carglumic acid

Generic Name: carglumic acid (kar GLOO mik AS id)
Brand Name: Carbaglu

What is carglumic acid?

Carglumic acid is a man-made form of an enzyme that occurs naturally in the liver. This enzyme is necessary for processing excess nitrogen produced when the body metabolizes proteins. Without this enzyme, nitrogen builds up in the form of ammonia and is not removed from the body. Ammonia is very toxic when it circulates in blood and tissues and can cause permanent brain damage, coma, or death.

Carglumic acid is used to treat hyperammonemia (HYE-per-AM-moe-NEE-mee-a), a urea cycle disorder caused by lack of a certain liver enzyme. Carglumic acid is usually given with other medications to treat this lifelong disorder.

Carglumic acid may also be used for purposes not listed in this medication guide.

What is the most important information I should know about carglumic acid?

Avoid eating foods that are high in protein when you first start taking carglumic acid. Follow your doctor's instructions about any other restrictions on food, beverages, or activity.

Your doctor may occasionally change your dose to make sure you get the best results. Dose adjustments are especially important as your child grows.

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To be sure this medicine is helping your condition and is not causing harmful effects, your blood will need to be tested often. A buildup of ammonia in the blood can quickly cause brain injury or death. Do not miss any follow up visits to your doctor for blood tests. Every person with a urea cycle disorder should remain under the care of a doctor.

If you skip a meal, do not take your dose of carglumic acid. Wait until your next meal.

Carglumic acid is only part of a complete program of treatment that may also include a special diet and other medications. It is very important to follow the diet plan created for you by your doctor or nutrition counselor. You should become very familiar with the list of foods you should eat or avoid to help control your condition.

What should I discuss with my healthcare provider before taking carglumic acid?

Tell your doctor about all of your medical conditions.

Carglumic acid is only part of a complete program of treatment that may also include a special diet and other medications. It is very important to follow the diet plan created for you by your doctor or nutrition counselor. You should become very familiar with the list of foods you should eat or avoid to help control your condition.

FDA pregnancy category C. It is not known whether carglumic acid will harm an unborn baby. Tell your doctor if you are pregnant or plan to become pregnant while using this medication.

It is not known whether carglumic acid passes into breast milk or if it could harm a nursing baby. You should not breast-feed while you are using carglumic acid.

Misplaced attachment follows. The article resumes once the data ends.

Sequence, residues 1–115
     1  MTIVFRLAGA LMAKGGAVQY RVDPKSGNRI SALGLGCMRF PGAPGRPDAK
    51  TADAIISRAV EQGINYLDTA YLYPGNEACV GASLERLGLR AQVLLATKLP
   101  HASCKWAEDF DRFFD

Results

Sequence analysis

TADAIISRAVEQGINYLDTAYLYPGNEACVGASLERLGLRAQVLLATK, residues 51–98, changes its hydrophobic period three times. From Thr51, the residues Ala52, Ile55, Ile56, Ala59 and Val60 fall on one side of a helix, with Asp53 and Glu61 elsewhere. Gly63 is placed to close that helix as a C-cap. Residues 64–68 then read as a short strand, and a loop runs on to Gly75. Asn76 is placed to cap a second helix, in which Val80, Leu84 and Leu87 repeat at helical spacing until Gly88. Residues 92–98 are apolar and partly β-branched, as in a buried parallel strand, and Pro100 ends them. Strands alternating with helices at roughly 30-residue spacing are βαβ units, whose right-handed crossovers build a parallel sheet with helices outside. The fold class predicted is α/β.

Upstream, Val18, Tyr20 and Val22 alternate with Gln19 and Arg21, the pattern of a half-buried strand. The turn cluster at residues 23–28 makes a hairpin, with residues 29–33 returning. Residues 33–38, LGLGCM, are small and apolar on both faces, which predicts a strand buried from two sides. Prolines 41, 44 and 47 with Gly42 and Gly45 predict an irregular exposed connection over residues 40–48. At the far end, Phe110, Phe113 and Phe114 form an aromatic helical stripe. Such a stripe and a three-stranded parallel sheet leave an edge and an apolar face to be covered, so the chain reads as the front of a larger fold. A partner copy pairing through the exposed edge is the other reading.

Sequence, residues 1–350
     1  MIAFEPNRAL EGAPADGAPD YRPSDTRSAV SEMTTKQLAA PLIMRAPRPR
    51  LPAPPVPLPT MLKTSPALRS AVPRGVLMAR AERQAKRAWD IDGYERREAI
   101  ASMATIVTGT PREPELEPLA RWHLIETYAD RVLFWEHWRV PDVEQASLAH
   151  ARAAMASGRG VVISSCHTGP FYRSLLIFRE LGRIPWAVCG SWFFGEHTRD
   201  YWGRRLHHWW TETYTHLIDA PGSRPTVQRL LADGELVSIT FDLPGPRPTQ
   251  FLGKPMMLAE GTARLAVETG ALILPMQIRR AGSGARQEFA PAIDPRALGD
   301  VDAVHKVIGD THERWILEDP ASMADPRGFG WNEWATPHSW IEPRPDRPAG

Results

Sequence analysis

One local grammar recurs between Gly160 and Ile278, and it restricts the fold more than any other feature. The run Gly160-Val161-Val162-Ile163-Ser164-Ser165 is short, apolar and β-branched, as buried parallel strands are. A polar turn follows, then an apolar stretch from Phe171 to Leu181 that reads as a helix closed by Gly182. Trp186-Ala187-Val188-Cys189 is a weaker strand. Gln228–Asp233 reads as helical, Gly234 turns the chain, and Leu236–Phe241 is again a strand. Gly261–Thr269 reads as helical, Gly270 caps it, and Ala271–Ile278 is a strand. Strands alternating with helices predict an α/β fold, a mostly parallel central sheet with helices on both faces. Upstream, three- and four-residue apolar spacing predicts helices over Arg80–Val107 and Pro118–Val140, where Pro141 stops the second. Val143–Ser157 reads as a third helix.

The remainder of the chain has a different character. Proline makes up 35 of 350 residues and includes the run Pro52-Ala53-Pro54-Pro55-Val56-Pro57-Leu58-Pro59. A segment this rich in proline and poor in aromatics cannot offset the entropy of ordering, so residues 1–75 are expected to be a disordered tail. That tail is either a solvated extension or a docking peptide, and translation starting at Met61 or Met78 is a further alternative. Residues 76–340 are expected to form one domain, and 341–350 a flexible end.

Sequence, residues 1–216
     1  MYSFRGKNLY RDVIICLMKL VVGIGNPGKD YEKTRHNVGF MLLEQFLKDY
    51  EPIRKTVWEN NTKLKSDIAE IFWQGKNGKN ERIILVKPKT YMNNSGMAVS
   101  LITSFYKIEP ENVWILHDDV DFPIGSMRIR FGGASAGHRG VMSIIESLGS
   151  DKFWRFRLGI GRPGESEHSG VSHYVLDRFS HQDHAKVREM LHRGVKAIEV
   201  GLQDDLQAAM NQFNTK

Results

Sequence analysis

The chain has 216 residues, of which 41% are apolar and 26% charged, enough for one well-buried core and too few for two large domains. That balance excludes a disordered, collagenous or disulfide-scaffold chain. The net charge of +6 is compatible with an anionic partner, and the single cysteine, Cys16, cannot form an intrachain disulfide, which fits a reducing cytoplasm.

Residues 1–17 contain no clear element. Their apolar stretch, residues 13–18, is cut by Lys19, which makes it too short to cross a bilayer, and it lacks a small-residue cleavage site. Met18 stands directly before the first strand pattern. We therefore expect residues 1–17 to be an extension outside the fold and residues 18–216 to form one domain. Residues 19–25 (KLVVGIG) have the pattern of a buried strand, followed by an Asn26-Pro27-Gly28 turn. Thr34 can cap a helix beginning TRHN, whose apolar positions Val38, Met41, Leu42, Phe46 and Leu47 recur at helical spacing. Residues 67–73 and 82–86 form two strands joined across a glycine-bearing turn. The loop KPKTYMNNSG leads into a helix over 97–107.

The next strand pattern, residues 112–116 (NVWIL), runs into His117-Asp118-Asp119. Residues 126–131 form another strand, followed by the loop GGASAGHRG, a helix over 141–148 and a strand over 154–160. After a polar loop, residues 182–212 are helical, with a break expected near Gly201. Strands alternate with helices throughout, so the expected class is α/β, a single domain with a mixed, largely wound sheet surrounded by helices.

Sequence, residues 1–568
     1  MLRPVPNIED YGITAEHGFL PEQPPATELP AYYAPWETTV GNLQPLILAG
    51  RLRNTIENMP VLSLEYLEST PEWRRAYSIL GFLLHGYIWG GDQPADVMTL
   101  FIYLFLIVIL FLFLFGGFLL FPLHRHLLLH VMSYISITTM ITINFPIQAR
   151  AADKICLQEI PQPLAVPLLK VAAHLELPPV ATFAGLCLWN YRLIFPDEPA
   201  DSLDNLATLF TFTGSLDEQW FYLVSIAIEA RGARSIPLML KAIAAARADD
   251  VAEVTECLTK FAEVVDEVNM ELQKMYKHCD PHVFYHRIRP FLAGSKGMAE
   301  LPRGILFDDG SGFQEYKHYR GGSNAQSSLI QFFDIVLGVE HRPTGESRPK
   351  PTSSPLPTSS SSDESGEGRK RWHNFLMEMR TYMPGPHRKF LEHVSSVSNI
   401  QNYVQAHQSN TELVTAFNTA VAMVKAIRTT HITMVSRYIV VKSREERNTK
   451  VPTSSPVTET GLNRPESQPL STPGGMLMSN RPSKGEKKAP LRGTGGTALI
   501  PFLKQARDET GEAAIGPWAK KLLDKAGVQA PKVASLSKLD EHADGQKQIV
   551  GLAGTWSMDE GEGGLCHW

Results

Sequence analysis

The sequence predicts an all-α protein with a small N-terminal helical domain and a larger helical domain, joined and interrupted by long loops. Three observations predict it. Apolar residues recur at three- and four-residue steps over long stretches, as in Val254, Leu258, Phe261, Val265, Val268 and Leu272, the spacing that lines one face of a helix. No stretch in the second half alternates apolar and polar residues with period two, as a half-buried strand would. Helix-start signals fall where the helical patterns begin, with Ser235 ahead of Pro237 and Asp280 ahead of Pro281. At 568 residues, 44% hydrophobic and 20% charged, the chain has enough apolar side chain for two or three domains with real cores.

How should I take carglumic acid?

Take exactly as prescribed by your doctor. Do not take in larger or smaller amounts or for longer than recommended. Follow the directions on your prescription label.

Your doctor may occasionally change your dose to make sure you get the best results. Dose adjustments are especially important as your child grows.

Carglumic acid is usually taken 2 to 4 times each day, just before each meal or feeding. Follow your doctor's instructions.

Do not chew, crush, or swallow the carglumic acid tablet whole. Place it into a glass of water and allow the tablet to disperse in the liquid. The tablet will not dissolve completely. Drink this mixture right away. To make sure you get the entire dose, add a little more liquid to the same glass, swirl gently and drink right away.

The carglumic acid tablet may be taken with an oral syringe as follows: Place a 200-milligram tablet into an oral syringe and draw 2.5 milliliters of water into the syringe. Shake until the tablet is dispersed and then empty the syringe into your mouth. Refill the syringe with water, shake gently, and empty into your mouth.

The carglumic acid tablet can also be given through a nasogastric (NG) feeding tube as follows: Disperse the tablet in an oral syringe as directed above. Attach the syringe to the NG tube and push the plunger down to empty the syringe into the tube. Then flush the tube with more water to wash the contents down.

To be sure this medicine is helping your condition and is not causing harmful effects, your blood will need to be tested often. A buildup of ammonia in the blood can quickly cause brain injury or death. Do not miss any follow up visits to your doctor for blood tests. Every person with a urea cycle disorder should remain under the care of a doctor.

Store unopened bottles of carglumic acid tablets in the refrigerator, do not freeze.

After opening the bottle, store at room temperature away from moisture and heat. Do not store opened bottles in the refrigerator. Keep the bottle tightly closed when not in use.

When you open the bottle, write the date on the bottle. Throw away any unused tablets 1 month (30 days) after the date of opening, or if the expiration date printed on the label has passed.